Saturday, December 05, 2009

Lose It! Online: Review


I love the new online interface for "Lose It!" with one huge exception: It does not allow me to post a link to my profile. To share my log with someone, they have to become my friend. That seems cumbersome and silly. FitDay offered a sharable link to the profile and I think that it would be useful for LoseIt! to do the same.

It does allow you to create and print some very slick reports, which would be great for sharing with a trainer or dietician. This is a really nice feature. I love the exercise summary (see above), which adds up the time you spent doing each activity and gives you a running calorie count.

I am finding it a drag to log both in Weight Watchers and this, so I will probably just use this one as an activity log and keep tracking my points in Weight Watchers online. I have a little hope that one of the changes coming next week might be some changes to the online logging for WW Mobile -- it would be nice if there were activity summaries and options to share your logs there.

Tuesday is my meeting, but since I'm an online member, I expect to see the changes tomorrow in my log. I'll be curious to see what they are and hear what other Weight Watchers think about them.

Thursday, December 03, 2009

Good Health Guidelines: A scary story

I was talking with a woman in my meeting who was almost to Lifetime. She just has to maintain for one more week to make her goal weight. "I'm doing really well," she said, "but I've lost a lot of hair." She said her daughter had lost hair too.

I said, "I remember I heard that's why they added the healthy oils guideline, because people were losing hair."

She said, "Really? That's the one I never get."

So seriously, Weight Watchers, cutting back on fat is a great way to cut calories, but keep it within reason. If you seriously can't stand to spend two points a day on oil, make the first two teaspoons of healthy oil a free food. I doubt you will see much of a dent in your weight loss by adding two points a day. Or at least make sure you're eating some foods with healthy fats, like peanut butter (not PB2, which has no fat), fish, avocados, or nuts. Your body needs fat to make hair, not to mention brain cells. I have had good weight loss on weeks that I followed all the GHGs to the letter even when I went a few points a day over. I think this was partly because I was skimping on real foods to make room for things like fat-free popcorn and treats like dark chocolate and wine. When I eat real food, I'm more satisfied and less likely to go grazing through the pantry.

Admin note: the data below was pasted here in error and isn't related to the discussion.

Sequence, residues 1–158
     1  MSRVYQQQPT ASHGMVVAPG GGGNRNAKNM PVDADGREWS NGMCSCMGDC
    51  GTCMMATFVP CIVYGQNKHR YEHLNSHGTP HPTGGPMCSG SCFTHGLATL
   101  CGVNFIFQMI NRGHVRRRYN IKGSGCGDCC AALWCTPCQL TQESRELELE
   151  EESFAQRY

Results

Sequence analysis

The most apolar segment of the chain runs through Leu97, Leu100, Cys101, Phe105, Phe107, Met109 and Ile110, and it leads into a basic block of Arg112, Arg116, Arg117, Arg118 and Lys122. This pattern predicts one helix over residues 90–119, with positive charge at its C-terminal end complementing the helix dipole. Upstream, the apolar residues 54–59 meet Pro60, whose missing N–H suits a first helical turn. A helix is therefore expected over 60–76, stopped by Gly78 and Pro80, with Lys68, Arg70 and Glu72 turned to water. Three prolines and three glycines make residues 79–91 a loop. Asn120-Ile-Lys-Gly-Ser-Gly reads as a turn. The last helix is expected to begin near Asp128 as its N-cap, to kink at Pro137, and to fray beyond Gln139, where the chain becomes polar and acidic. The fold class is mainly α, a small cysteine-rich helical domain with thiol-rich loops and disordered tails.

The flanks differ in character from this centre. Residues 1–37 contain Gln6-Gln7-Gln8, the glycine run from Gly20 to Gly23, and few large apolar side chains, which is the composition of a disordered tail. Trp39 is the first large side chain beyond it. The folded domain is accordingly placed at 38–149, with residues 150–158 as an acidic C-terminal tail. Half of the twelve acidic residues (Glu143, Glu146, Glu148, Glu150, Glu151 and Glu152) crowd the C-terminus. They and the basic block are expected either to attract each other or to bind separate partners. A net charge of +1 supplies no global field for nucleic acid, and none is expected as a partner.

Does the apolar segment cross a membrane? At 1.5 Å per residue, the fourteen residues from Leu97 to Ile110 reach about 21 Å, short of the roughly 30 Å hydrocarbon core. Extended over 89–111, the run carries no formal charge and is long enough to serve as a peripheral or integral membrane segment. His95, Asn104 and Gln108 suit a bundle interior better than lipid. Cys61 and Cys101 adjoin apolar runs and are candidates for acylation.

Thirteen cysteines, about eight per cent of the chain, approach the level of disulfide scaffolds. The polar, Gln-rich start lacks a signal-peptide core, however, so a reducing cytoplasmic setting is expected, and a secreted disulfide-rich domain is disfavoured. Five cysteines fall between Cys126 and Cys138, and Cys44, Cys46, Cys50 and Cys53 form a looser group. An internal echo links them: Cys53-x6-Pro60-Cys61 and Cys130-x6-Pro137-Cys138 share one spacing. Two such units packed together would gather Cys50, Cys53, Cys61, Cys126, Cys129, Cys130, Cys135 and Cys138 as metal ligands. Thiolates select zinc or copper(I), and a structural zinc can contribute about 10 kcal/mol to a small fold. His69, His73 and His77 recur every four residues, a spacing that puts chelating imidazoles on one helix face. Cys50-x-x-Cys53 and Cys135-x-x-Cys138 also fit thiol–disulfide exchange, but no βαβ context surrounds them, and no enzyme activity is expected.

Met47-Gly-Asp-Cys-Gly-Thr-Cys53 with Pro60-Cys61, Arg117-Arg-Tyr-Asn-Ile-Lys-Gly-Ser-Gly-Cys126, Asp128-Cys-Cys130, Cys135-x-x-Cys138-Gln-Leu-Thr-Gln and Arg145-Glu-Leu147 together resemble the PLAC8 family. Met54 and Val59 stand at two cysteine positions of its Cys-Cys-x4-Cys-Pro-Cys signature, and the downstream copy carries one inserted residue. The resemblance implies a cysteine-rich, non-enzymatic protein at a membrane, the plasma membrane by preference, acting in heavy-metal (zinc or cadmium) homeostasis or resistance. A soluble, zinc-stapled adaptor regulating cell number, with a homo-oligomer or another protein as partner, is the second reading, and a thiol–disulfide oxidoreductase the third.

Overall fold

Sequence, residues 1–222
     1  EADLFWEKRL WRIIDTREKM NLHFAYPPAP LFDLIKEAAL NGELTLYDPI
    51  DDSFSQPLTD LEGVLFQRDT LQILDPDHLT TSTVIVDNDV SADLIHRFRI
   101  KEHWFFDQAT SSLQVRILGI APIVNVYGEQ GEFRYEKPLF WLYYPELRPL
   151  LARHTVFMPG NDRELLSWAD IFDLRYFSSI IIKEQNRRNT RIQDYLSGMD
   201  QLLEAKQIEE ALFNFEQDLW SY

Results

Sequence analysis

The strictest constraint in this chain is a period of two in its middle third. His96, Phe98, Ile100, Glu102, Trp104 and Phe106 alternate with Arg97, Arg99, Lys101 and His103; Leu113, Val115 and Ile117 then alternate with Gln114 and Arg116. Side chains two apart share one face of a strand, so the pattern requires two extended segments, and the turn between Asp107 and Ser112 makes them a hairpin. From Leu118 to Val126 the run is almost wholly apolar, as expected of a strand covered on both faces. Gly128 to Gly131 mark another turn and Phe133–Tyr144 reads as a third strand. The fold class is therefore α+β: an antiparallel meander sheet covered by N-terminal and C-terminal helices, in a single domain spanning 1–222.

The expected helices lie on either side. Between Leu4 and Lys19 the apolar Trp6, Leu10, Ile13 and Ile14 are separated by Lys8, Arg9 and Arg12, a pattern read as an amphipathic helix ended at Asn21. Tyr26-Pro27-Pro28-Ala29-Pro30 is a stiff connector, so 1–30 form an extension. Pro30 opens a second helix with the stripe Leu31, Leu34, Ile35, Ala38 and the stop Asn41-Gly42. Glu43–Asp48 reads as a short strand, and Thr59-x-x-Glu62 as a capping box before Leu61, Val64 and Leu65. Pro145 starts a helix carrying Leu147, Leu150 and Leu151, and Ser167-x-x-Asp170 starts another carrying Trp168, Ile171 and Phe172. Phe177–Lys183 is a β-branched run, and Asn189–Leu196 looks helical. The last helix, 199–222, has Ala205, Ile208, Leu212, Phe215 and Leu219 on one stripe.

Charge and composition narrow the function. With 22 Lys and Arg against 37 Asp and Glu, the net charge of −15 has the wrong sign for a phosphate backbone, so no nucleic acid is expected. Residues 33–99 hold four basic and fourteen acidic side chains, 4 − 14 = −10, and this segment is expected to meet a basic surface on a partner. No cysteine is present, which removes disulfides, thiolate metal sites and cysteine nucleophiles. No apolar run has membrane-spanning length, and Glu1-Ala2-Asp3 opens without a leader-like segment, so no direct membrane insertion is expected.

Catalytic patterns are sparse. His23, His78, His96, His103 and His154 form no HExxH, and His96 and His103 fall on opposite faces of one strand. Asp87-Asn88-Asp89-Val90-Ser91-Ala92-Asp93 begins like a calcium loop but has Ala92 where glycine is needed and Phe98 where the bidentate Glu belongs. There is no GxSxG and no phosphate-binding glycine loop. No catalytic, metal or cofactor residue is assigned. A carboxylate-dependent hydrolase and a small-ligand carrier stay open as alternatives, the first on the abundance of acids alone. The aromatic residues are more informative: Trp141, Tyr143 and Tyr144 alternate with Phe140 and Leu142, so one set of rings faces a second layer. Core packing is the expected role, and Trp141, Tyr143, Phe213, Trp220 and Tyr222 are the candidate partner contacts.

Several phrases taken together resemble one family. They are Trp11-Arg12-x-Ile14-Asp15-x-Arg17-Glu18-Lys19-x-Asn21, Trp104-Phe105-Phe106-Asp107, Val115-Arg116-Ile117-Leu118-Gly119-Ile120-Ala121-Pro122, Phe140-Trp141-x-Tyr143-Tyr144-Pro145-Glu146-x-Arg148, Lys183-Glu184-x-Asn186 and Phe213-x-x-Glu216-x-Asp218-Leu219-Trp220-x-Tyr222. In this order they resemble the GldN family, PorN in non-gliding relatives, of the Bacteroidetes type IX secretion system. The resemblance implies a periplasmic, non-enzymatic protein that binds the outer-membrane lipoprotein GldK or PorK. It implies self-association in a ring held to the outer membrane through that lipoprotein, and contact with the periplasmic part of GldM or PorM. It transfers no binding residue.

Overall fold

Being at a healthy weight is important for health, but so is giving your body the building blocks it needs to grow and repair itself. It's easy to lose sight of the real goal: Feeling good and being fit to live an active, happy life. Take care out there.

Wednesday, December 02, 2009

The Biggest Loser Week 12: The Final Challenge

Just as I feared, the final challenge on "The Biggest Loser" was a marathon.

I have nothing against the marathon itself, but I really think that a race like that should be done for your own personal satisfaction, not because you're forced to do it. I know how horrible a half marathon can feel even when you feel ready for it. From the way the contestants were running, with their arms held in tight angles next to their chests, it didn't seem like anyone had taught them proper distance running form, and I'm not sure any of them had run very far before they got their "care package" letting them know what their final challenge was.